Keywords: ecological economics, social economy, political ecology, political economy, social ecological transformation, biophysical reality, mainstream economics, neoliberal environmentalism
    Date: 2017–03
  5. By: Clive L. Spash
    Abstract: Conservation today is facing the challenges of neoliberal world political forces dominated by bankers, financiers and multinational corporations who care little for protecting anything that does not pay them a personal reward. The standard counter to such a utilitarian economic philosophy is to point out alternative ethical approaches, which have for sometime been central to conservation arguments. However, in recent times, environmental non-governmental organisations, including conservation biologists, have increasingly pushed a narrow economic rhetoric, and converted themselves into allies of the ‘economic growth at any cost’ school of thought, in an attempt to win the favour of corporations under a new environmental pragmatism and New Conservation. This discussion paper critically analyses these topics as given in a lecture to the international conservation community. Presented here is the full transcript of the plenary presentation given to 2000 conservation biologist at their international meeting in Montpellier in 2015. The talk received an unprecedented standing ovation from the audience. It was given as a counter position to that of Peter Kareiva who presented immediately preceding this lecture, and was followed by a debate between Kareiva and Spash. The central topic was the New Conservation being championed by Kareiva and his boss, Mark Tercek, at The Nature Conservancy. As this lecture notes, this is part of a broader ideological move towards neoliberalism in conservation biology, and more generally the environmental movement, in the guise of a pragmatic use of economics. The arguments presented here are more fully understood when accompanied by the original presentation overheads (available online from However, the transcript on its own makes clear the bias, flaws and contradictions in the logic being presented as New Conservation. The structure of argument covers: the motivations behind the increasing use of economic valuation and policy instruments, the economics of optimal extinction that lies behind this, the implications that appealing to individual preferences for creating money numbers, why this does not provide protection or lead to conservation, how corporations are using the environmental movement for their own ends, and the implicit ideology of the New Conservation as a conservative technocracy. Some references have been added to the transcribed talk.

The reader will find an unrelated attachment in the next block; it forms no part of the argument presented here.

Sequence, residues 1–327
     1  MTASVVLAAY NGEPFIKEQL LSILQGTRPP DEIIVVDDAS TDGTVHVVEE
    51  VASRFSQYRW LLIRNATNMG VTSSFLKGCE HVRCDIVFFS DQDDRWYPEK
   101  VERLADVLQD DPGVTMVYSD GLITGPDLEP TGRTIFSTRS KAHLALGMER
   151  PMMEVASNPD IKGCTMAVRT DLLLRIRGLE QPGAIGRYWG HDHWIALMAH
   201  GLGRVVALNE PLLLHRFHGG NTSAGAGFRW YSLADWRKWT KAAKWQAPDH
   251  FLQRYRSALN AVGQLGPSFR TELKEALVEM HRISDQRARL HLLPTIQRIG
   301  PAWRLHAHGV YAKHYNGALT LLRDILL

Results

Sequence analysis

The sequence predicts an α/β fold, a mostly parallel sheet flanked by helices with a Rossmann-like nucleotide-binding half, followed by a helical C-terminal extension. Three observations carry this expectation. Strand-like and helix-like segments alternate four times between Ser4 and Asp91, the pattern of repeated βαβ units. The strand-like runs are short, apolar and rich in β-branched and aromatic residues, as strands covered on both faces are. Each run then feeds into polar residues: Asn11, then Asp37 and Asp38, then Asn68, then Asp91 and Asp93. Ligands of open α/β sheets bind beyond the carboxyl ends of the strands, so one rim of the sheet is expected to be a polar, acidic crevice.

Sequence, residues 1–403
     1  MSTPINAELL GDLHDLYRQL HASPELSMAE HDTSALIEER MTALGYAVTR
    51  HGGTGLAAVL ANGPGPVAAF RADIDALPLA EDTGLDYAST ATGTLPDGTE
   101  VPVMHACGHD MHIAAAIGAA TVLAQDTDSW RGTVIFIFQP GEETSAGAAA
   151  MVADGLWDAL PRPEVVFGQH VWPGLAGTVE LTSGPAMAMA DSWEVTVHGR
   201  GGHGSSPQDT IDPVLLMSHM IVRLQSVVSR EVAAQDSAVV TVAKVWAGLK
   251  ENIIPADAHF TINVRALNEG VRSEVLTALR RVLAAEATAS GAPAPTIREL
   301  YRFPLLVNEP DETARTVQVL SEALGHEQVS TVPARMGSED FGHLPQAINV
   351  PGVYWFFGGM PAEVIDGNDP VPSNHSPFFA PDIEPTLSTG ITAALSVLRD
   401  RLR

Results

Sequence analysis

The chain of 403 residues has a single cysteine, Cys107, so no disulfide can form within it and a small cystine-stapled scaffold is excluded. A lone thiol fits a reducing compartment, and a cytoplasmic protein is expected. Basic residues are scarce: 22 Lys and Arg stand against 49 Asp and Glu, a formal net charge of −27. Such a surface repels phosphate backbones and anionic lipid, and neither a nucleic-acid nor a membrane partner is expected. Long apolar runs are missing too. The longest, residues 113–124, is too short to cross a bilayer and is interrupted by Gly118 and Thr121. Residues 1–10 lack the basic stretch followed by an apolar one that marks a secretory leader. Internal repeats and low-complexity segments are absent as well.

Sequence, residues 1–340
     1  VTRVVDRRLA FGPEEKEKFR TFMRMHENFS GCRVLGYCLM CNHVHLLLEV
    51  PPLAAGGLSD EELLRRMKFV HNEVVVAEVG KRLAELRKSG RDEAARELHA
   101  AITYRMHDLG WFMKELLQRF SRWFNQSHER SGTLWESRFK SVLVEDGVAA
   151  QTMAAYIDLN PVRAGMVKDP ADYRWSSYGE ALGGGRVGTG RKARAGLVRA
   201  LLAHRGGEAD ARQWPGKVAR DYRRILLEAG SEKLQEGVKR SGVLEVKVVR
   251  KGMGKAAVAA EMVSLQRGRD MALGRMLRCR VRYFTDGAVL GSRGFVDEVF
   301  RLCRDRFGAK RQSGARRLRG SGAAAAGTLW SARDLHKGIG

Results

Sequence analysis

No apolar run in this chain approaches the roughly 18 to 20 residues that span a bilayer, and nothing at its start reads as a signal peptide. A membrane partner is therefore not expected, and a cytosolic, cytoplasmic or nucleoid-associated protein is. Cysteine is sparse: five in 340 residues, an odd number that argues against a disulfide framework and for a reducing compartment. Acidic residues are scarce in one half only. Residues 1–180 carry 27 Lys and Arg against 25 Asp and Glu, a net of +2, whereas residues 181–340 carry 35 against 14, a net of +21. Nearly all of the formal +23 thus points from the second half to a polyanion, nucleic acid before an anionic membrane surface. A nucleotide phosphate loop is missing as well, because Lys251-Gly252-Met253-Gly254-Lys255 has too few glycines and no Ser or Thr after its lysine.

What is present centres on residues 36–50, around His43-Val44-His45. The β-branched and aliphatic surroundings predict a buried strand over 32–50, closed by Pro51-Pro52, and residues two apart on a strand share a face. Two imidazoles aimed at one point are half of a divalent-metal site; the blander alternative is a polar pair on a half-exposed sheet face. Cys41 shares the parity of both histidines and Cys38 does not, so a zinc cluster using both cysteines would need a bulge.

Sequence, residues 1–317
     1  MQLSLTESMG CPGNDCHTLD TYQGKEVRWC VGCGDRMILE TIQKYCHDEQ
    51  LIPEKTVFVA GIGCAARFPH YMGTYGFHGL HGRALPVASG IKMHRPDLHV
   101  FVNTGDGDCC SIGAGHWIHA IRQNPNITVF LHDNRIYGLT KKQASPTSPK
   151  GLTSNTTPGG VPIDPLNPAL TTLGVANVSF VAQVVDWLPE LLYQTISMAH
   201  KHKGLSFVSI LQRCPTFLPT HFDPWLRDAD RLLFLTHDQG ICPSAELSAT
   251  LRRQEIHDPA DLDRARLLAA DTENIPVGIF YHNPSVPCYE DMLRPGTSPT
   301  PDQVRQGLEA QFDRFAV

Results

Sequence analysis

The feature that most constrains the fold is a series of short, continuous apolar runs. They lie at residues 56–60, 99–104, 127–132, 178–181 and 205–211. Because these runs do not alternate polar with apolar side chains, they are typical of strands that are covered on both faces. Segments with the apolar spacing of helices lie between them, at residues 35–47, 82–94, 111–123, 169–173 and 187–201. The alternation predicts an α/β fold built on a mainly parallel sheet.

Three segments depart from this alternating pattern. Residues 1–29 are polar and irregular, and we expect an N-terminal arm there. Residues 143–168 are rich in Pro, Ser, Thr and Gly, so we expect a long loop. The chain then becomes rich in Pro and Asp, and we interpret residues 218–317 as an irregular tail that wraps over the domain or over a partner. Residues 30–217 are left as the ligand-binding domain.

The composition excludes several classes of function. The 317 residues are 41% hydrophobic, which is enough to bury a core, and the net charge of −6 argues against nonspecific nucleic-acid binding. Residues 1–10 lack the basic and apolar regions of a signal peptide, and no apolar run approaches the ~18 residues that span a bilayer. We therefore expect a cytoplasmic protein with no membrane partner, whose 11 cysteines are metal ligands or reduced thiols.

Keywords: Conservation biology, economic valuation, environmental values, ethics, corporate power, biodiversity offsetting, species preservation, public preferences, environmentalism of the poor, technocracy, neoliberalism, new environmental pragmatism, Tony Juniper, New Conservation, Peter Kareiva, Mark Tercek, The Nature Conservancy
    Date: 2017
  6. By: Drakopoulos, Stavros A.; Katselidis, Ioannis
    Abstract: Psychological ideas had always played a role on the formation of economic thought as can be seen in the works of many influential pre-classical and classical authors. Up to the beginning of the 20th century, there was almost no methodological objection regarding the incorporation of ideas from psychology into economic theories. After this period, a fundamental shift in mainstream economics took place which is also known as the Paretian turn. This conceptual change, initiated mainly by Vilfredo Pareto and completed with the emergence of the theories of choice in the first decades of the 20th century, attempted to expel all psychological notions from economic theory. However, in the last three decades, the increasing appeal of subjective well-being research and especially of the new behavioral economics, re-brought the topic onto the surface. In order to better comprehend and to contribute to the recent discussion concerning the relationship between the two disciplines, the study of relevant views found in history of economic thought is necessary. The paper starts with a brief sketch of the history of the relationship between economics and psychology, focusing also to the recent literature which points to a reconsideration of this relationship. After an examination of psychological ideas found in influential pre-marginalist writers, the paper discusses the arguments supporting the case for the interaction between the two fields. It also suggests that the work of Richard Jennings can be seen as the peak of the early interaction between economics and psychology. Finally, it considers the relevance of these arguments for the current debate concerning the relationship between economics and psychology.
    Keywords: History of Economic Thought, Economics and Psychology, Economic Methodology; Relation of Economics to other Disciplines
    JEL: A12 B00 B40
    Date: 2017–03